Sayings of the Saints
  • On the Feast of the Epiphany
" All they from Saba shall come, bringing gold and frankincense, and showing praises
to the Lord."
                -ISAIAH 9: 6

IT WILL readily be admitted that the lights and graces which the Magi received were
immense and extraordinary, since they were enlightened outwardly as well as
inwardly.
But, truly, could less have been done to convince the Gentiles, or to draw them to the
knowledge of a God-man whom they had not as yet seen command the waves of the
sea, or raise the dead, or restore sight to the blind--a God who only visibly showed
Himself as an ordinary child, silent, poor, and weak?

Nevertheless, if the Magi had had the same indifference which the majority of
Christians have for heavenly things, they would have perhaps looked upon the star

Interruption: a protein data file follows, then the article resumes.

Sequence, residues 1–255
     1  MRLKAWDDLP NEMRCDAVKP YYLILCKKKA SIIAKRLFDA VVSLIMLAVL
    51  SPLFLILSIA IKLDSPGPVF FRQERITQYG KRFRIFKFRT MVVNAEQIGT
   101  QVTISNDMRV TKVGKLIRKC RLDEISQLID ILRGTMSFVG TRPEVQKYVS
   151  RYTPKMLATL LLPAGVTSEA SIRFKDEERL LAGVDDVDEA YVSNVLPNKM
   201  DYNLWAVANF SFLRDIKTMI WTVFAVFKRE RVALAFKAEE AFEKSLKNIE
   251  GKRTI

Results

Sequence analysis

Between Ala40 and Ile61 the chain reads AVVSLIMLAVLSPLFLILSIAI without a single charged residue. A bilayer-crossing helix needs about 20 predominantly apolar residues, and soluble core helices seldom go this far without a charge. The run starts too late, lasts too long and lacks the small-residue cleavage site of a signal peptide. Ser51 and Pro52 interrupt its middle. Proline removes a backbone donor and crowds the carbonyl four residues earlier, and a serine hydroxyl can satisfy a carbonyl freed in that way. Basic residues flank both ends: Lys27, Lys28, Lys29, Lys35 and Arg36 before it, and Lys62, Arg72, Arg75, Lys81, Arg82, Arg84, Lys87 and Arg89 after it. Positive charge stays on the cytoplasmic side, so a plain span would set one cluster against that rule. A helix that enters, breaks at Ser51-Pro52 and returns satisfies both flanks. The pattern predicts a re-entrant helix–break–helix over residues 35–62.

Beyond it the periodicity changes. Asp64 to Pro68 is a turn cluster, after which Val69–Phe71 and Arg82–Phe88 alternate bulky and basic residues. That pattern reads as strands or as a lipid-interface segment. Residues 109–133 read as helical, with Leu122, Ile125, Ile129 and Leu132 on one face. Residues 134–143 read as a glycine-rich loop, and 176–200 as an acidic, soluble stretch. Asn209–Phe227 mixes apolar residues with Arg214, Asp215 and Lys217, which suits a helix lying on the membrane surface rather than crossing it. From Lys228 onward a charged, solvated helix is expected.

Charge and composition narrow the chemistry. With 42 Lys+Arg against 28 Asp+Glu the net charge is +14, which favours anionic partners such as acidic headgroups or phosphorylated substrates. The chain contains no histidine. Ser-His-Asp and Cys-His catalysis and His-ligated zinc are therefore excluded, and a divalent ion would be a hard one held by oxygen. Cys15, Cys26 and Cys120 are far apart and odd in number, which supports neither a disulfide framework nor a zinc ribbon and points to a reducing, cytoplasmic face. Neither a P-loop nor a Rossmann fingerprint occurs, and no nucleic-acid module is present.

only as a curiosity, and they would have met, perchance, to seek for natural causes
to account for its appearance. They would not have hastened to set out on so long a
journey and in delaying to obey the secret order which impelled them onwards, they
would have lost the greatest of blessings.

ST. AUGUSTINE
Sermon 35 De Tempore.

ST. CHRYSOSTOM assures us that God caused the star to appear in order to convince
the Jews of their infidelity, and to show them that their ingratitude was inexcusable.
For as Jesus Christ came upon earth to call the whole world to the knowledge of His
name, and to be acknowledged and adored by all nations, He opens the gate of faith
to the Gentiles, and He instructs His chosen people through the medium of foreigners.
God seeing the indifference with which the Jews listened to all the prophecies which
promised the birth of the Savior, He summoned the wise men from the East to seek
for the King of the Jews in the midst of the Jews, and He willed that Persia should
teach the former what they did not care to learn from the oracles of£ their prophets;
in order that, if they had amongst them any men of good-will, this visit of the kings
might lead them to believe, and if they wished still to be obstinate no excuse would
be of any avail. For what could they think or say when they witnessed these Magi,
guided only by a star, seeking and adoring Him whom they had rejected?


ST. CHRYSOSTOM
On the Second Chapter of St. Matthew.